Exotica for the Thinking Man

Brian O’Neill Blends Tiki, Lounge, Jazz, and Classical in Mr. Ho’s Orchestrotica

Tiki gods

Mr. Ho’s Brian O’Neill: making the Tiki gods proud.

The murmur of the South Sea waves, the pounding of the ceremonial drums, the Tiki gods standing guard, the dancers in their leis—they’re the sort of fantasies that come easy in sunny California, less so in the vicinity of Boston.

Yet it is there that one of America’s great exotica bands holds forth, reaching on beyond Tiki to even more exotic cultures—those in Rangoon, for example, and the Casbah. Mr. Ho’s Orchestrotica, with ensembles that range in size from big band to quartet, has even tackled the mid-century’s ‘king of space-age pop,’ the Mexican arranger-performer Esquivel, in its album ‘The Unforgettable Sounds of Esquivel.’

The album featured O’Neill’s 23-piece space-age pop big band Mr. Ho’s Orchestrotica, which featured some of the best musicians from New England and thereabouts, including veterans of the Boston Pops and the Buena Vista Social Club.

Mr. Ho’s second CD, ‘Third River Rangoon,’ featuring a small jazz ensemble, is a particularly tasty mélange of leader and composer Brian O’Neill’s ‘postmodern third stream music,’ which blends classical, lounge, jazz, and world music into a mix that has a sound of its own, somewhat nourish at times, almost always cool, with moody bass flute and O’Neill’s wonderful vibraphone work.

‘Third Stream’ harks back to the late 1950s, when some of jazz’s more egg-heady composers developed a music that mixed classical and jazz.

O’Neill himself has a resume almost as eclectic as his repertoire. A percussionist and vibraphonist, he’s performed with disco diva Donna Summer, straight-ahead jazz trumpeter Wallace Roney, as principal percussionist with the Flagstaff Symphony, and with the Arizona Opera Company. He’s played klezmer music with the Klezwoods and Turkish music with the Fa Diyez Ensemble, among many other gigs.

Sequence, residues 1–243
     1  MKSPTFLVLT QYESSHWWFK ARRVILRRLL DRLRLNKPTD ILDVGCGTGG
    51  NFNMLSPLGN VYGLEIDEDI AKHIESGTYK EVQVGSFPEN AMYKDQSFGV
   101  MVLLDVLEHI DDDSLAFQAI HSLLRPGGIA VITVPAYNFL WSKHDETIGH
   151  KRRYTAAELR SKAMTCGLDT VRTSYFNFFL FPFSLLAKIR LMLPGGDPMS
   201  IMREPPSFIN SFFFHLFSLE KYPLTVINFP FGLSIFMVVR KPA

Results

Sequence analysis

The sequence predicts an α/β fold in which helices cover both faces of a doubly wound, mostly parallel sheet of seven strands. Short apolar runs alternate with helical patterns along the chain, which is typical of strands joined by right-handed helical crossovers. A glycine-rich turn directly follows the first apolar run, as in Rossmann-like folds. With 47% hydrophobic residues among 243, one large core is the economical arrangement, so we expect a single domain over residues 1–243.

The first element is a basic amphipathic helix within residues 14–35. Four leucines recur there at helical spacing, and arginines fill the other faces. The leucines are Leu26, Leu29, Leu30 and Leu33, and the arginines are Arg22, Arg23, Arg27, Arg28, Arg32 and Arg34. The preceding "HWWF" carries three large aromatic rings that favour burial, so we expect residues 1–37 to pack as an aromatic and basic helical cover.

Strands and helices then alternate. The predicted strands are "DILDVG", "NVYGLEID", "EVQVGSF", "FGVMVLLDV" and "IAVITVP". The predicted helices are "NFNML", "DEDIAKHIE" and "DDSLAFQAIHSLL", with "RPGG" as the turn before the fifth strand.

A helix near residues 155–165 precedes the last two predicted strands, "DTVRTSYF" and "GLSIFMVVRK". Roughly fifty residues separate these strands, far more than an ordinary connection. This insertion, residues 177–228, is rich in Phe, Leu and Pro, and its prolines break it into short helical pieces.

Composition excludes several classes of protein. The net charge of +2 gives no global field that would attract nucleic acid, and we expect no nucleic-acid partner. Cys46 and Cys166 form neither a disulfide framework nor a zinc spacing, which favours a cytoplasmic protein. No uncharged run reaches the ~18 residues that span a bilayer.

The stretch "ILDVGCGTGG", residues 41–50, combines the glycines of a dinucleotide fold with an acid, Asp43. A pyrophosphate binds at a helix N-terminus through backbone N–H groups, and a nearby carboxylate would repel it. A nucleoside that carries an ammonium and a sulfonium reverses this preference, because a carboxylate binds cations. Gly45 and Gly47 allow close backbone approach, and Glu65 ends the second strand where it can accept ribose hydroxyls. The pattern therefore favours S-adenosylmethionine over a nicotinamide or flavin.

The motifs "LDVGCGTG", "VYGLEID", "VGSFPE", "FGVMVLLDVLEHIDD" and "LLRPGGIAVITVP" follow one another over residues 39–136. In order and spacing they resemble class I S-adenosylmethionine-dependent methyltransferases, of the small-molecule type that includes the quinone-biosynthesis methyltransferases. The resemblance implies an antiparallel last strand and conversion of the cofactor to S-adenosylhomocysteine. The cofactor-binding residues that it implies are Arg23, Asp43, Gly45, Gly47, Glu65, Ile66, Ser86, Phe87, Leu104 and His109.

Tiki gods

Mr. Ho’s Orchestrotica on stage: a natural for Palm Springs Modernism Week and beyond.

The Orchestrotica, whose last gig in Bethlehem, Pennsylvania, was cancelled because tropical Storm Irene was due to roll through the next day—where are those Tiki gods when you need them?—hopes to tour the Golden State. But don’t expect to see them before 2012, O’Neill says.

“It’s where most of my non-East Coast fan base is,” he says of California, noting that Esquivel was based in California, “and Tiki culture is big.” One gig O’Neill would love to line up is Palm Springs Modernism Week, where he’s sure the Orchestrotica would hit big.

O’Neill’s latest project sounds promising. “It will be exploring Sephardic music and blending exotica into that with a six-piece women’s vocal group from New York City,” he says.

O’Neill has performed traditional Sephardic music, Jewish music rooted in Spain with heady tinges of Arabia, which later spread through Turkey and Greece. But no one has ever performed it as he plans to perform it now, with his vibraphone and probably his small ensemble, plus a six-piece female vocal group, “with my own interpretation, that Third Stream, classical, and some improvisation. Hey, this is in the idea stage right now.”

“It will be a fun way to introduce people to unusual music,” O’Neill says, “while doing something unique with it.”

For more on Mr. Ho’s roots—and Esquivel, the ‘king of space-age pop,’ in particular— see our special feature ‘Esquivel in Orbit.’